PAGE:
But when I talk to some of my friends about making chicken soup, the general consensus – and there are some very honourable exceptions – is that it’s too much faff. But it doesn’t have to be, unless you want to go into overdrive and Eastern-European shtetl-based stereotypes and boil up a raggedy old fowl for several hours first while playing the fiddle on a roof.

So here are a couple of simple chicken soup suggestions with some variations – written out generally as most of them are designed to be riffed on, as it were. And both of them involve the remains of a roast chicken (you can bake a couple of chicken thighs if the two-legged mice have been at your cold chicken while you weren’t looking). Both are designed to serve two, though they can easily be stretched further.

First, my simple roast chicken soup:
Strip all the meat from a roast chicken carcass; there are usually some pieces left over which nobody quite fancies. Remove the skin and any bits of gristle from these, and put them to one side – ending up with a small pudding-bowl full of meat. Put a little oil in a pan over a medium heat. Peel and finely chop a medium onion, two carrots, two sticks of celery. Add to the pan and cook gently until transparent – do not brown. Peel a medium-sized potato and add that, then add the chicken and enough chicken stock (ideally, but good vegetable stock also works) to cover. Bring to the boil, then reduce the heat and simmer until all the vegetables are soft. Check for seasoning, adjust the thickness by adding some boiling water if necessary, then blend the soup. Serve and start feeling better.

Variations:
• Omit the carrots;
• Use a couple of slim leeks instead of the onion;
• Add two chopped cloves of garlic in the last minute or so of cooking the onion, carrot and celery;
• Add a little smoked paprika at this stage (but not with the garlic: hmm? Nope, too much – for me, anyway);
• Don’t blend the soup, or blend some of it and then return it to the pan to reheat.

And a quick Chinese-style chicken soup:
You need some good-quality chicken stock for this – about 600ml – as well as the bowl of chicken bits. Put the stock in a pan and bring it to the boil (skim if necessary). While it is coming to the boil, finely chop about 150g mushrooms, a clove of garlic and a piece of fresh ginger about 2cm square. Cut four thick spring onions into fine diagonal slices, and shred a couple of small pak choi. Add the garlic, ginger, mushrooms and chicken to the boiling stock and cook for five minutes. Then add the spring onions and pak choi. Simmer for a couple more minutes, check the seasoning, and serve.

Variations:
• Add finely chopped chillies. Or chilli. As many and as hot as you dare (that will scare the cold bugs away). Add with the mushrooms, garlic etc.
• Add a dash of Tabasco.
• Try using Chinese dried mushrooms – about 25g, rehydrated in boiling water for 20 mins, then drained and chopped.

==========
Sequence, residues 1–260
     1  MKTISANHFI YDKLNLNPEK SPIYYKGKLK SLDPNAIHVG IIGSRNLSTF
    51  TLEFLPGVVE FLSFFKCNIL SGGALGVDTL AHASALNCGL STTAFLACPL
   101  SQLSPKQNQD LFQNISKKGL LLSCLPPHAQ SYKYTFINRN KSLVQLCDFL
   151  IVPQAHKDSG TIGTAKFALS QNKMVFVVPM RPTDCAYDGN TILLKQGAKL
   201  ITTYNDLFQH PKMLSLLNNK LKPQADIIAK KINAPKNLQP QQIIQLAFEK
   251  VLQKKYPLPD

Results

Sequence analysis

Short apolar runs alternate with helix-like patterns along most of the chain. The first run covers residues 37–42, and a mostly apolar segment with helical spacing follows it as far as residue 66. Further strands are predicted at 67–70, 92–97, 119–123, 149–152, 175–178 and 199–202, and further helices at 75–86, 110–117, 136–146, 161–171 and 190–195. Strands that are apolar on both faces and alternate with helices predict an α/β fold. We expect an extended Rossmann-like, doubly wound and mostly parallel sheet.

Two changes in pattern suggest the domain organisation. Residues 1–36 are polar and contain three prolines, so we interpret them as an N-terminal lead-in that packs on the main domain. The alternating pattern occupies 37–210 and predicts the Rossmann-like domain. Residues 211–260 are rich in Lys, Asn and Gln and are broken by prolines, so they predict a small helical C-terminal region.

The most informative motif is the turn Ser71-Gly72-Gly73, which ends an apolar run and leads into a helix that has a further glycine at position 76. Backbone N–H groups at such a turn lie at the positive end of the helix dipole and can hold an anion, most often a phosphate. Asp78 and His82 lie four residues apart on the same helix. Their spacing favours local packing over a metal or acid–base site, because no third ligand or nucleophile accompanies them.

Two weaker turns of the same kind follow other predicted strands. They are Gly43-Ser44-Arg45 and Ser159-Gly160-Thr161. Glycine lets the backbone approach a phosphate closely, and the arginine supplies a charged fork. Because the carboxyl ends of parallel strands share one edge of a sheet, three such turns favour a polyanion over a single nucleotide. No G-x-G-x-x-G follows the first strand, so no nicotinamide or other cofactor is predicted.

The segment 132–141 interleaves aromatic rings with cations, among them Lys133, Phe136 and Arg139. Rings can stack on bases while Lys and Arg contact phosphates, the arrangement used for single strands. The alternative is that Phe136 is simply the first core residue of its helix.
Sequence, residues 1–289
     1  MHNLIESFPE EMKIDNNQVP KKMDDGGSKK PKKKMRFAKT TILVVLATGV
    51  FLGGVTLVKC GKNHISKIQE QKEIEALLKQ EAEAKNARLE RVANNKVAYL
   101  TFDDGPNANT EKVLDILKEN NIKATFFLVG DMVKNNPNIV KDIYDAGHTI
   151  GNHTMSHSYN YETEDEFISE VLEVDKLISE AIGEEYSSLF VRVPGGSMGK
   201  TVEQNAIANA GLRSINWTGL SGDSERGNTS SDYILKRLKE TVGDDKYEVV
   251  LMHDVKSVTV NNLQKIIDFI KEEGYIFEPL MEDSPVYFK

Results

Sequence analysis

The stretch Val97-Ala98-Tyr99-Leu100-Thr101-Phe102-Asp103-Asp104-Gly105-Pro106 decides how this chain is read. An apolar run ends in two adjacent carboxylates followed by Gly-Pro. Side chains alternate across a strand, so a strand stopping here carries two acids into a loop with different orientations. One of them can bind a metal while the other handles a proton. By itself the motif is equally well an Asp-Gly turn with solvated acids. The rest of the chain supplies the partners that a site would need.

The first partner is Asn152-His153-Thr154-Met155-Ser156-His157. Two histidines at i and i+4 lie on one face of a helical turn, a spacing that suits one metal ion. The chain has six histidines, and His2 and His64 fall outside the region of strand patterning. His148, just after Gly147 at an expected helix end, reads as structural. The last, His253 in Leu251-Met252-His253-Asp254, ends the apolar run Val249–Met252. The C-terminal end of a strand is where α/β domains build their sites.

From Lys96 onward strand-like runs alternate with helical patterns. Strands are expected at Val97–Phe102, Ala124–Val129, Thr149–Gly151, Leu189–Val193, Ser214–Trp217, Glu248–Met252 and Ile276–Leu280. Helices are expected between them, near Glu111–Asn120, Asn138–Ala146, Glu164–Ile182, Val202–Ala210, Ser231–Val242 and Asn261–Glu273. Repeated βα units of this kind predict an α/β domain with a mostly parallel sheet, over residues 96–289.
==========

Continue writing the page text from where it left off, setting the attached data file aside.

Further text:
• You can add a beaten egg for the ‘egg flower’ effect and some extra nutritional oomph. When there’s barely a minute to go, beat an egg well and drizzle it into the cooking soup over an upturned fork. Don’t stir; remove from the heat and serve.
• Or add a few noodles. A few.

You can freeze the first one – beautifully. Not the second, though; it needs to be fresh.

Interestingly, the chemical composition of a good chicken soup is remarkably close to that of a drug (acetylcysteine) which is sometimes used to treat bronchitis. I have bronchitis. I clearly need chicken soup. NOW. I’m off to get some chicken thighs and get stuck into making more.

Jan Steen, Fat Kitchen
Jan Steen – Fat Kitchen

 

 

Flour power

Oh, I know, such a predictive post title – but I couldn’t resist! Yes, it’s rant time. Or maybe it isn’t. Maybe it’s more a ‘shaking my head in sad bafflement’ time.

IMG_6863I’m a baker. I love making bread, hands and/or ancient Kenwood permitting, and do so on a regular basis. I slice it and store it in the freezer, and always try to have stock in. That’s because if I run out I’m back to the boiled baby’s blanket that passes for a loaf – even a supposedly ‘artisan’ loaf – in a local supermarket. Oh, all right – rant alert: what the heck is ‘artisan’ about any Tesco bread anyway? But I suppose ‘mass-produced in some giant factory and then shipped out to stores for a quick tart up’ doesn’t have quite the same marketing spin, does it?

Artisan, my arse. Ahem.

I buy flour in bulk. I used to share a sack with a friend, but I’m using much less wholemeal now, having finally twigged about excessive fibre giving me digestive problems. So I now buy five 1.5kg bags of Marriages Strong White Organic from a wholefood co-op, and add a little wholemeal for extra oomph. I’ve been quite happy with that, but the latest batch has been rather different. It’s softer than normal, much lighter, even finer. It’s got a completely different feel, and I’d be happy to make cakes with it which I would normally avoid with bread flour. It also makes perfectly good bread, but I’m intrigued. I know flour varies enormously – even the flour you get from one field of wheat can be different from that produced by the grains grown in the next field – but this is a huge change. Maybe it’s time to look at some different flours?